The efficiency of protein synthesis is often regulated post- transcriptionally by sequences within the mRNA. To investigate the reactions of protein translation, we established a system that allowed real-time monitoring of protein synthesis using a cell-free translation mixture and a 27 MHz quartz-crystal microbalance (QCM). Using an mRNA that encoded a fusion polypeptide comprising the streptavidin-binding peptide (SBP) tag, a portion of Protein D as a spacer, and the SecM arrest sequence, we could follow the binding of the SBP tag, while it was displayed on the 70S ribosome, to a streptavidin-modified QCM over time. Thus, we could follow a single turnover of protein synthesis as a change in mass. This approach allowed us to evaluate the effects of different antibiotics and mRNA sequences on the different steps of translation. From the results of this study, we have determined that both the formation of the initiation complex from the 70S ribosome, mRNA, and fMet-tRNAfMet and the accommodation of the second aminoacyl-tRNA to the initiation complex are rate-limiting steps in protein synthesis.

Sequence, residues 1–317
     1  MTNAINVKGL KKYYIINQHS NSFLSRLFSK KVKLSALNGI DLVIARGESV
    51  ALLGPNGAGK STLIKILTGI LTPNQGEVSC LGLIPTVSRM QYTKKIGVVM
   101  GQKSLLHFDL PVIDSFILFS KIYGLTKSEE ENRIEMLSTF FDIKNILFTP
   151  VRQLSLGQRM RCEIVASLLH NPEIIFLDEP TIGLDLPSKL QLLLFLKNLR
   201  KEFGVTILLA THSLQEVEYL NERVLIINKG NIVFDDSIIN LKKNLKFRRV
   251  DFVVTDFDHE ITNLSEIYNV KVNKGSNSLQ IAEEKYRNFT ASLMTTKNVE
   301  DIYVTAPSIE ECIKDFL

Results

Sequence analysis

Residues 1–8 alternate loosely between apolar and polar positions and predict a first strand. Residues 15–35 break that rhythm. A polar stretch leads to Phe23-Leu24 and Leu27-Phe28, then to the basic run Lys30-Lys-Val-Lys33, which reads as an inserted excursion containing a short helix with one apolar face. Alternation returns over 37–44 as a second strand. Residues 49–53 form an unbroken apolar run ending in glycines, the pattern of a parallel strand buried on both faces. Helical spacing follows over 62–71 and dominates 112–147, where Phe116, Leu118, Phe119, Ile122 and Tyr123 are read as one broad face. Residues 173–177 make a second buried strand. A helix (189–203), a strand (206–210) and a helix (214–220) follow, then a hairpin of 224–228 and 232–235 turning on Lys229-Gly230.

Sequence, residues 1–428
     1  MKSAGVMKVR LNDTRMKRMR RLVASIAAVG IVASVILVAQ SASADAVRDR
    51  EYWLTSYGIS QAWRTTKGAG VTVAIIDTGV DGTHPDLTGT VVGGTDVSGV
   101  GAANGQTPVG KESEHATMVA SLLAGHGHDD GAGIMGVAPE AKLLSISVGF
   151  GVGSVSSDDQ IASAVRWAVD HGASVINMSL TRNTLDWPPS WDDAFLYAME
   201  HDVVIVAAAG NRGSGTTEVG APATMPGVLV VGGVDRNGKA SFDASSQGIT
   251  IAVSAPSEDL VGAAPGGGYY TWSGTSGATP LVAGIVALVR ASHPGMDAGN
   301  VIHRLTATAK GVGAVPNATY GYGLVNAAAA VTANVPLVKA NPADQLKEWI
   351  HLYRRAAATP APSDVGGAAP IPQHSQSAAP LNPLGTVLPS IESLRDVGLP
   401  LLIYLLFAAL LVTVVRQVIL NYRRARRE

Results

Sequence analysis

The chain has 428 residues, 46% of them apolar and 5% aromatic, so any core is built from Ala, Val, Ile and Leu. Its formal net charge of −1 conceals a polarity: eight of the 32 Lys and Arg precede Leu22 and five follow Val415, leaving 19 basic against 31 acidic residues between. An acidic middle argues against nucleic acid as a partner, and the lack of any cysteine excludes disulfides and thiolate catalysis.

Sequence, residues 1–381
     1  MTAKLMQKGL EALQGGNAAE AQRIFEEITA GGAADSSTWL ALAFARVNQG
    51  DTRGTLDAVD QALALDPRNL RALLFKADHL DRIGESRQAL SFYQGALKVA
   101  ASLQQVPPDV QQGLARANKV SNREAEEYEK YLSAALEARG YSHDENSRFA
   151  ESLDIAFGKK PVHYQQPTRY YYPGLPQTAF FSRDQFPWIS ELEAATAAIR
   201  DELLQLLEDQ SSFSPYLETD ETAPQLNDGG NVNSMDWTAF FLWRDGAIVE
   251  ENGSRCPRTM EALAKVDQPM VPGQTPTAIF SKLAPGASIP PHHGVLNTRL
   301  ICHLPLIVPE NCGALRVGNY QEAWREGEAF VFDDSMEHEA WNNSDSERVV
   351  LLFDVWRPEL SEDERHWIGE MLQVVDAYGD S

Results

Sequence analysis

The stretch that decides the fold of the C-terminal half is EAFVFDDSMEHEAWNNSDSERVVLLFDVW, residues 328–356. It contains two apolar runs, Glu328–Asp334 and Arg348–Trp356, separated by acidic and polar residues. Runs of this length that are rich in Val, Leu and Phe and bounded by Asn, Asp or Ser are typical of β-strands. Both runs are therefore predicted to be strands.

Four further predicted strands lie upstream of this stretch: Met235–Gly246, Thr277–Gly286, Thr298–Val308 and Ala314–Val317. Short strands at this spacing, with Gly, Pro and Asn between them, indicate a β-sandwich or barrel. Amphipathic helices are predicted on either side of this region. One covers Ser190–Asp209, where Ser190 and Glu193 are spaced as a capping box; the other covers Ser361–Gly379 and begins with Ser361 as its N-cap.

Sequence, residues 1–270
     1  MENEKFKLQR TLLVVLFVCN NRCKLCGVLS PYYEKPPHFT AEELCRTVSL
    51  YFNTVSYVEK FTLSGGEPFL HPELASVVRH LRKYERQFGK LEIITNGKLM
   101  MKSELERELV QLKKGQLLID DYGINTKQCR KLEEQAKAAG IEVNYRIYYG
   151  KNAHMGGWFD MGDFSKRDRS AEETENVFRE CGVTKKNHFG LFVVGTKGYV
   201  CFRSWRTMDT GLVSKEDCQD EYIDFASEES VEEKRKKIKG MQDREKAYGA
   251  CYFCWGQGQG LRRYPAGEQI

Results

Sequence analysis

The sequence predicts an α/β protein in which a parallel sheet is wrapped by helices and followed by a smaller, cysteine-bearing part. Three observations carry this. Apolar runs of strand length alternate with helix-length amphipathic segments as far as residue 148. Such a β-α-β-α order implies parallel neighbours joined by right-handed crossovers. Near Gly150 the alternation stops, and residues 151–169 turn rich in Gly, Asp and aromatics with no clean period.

ASJC Scopus subject areas
- Colloid and Surface Chemistry